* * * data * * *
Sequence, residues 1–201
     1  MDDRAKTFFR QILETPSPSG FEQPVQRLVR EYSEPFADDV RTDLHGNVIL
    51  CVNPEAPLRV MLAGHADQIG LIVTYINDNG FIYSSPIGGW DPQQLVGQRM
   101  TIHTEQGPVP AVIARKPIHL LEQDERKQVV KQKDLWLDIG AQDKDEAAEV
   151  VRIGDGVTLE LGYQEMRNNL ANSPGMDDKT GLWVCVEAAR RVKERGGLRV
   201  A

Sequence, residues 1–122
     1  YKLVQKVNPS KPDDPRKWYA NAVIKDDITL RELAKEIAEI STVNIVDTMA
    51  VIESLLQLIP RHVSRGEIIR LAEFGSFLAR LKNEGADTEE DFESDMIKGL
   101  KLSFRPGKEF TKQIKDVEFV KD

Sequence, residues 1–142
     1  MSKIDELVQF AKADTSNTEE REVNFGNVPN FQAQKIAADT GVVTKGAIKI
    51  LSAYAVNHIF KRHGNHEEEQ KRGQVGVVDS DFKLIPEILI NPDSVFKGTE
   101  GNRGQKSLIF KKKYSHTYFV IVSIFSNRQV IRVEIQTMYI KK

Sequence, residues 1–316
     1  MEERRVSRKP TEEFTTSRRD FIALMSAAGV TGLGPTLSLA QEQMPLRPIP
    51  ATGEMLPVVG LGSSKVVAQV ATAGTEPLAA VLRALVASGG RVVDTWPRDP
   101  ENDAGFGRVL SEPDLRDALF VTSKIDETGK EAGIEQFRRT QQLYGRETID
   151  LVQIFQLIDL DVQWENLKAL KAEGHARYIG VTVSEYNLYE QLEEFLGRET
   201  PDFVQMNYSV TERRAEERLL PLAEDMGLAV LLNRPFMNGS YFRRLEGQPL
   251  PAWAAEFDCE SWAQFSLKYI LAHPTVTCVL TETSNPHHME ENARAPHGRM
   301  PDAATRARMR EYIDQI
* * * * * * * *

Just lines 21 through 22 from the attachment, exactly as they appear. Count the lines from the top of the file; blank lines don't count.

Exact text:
   251  PAWAAEFDCE SWAQFSLKYI LAHPTVTCVL TETSNPHHME ENARAPHGRM
   301  PDAATRARMR EYIDQI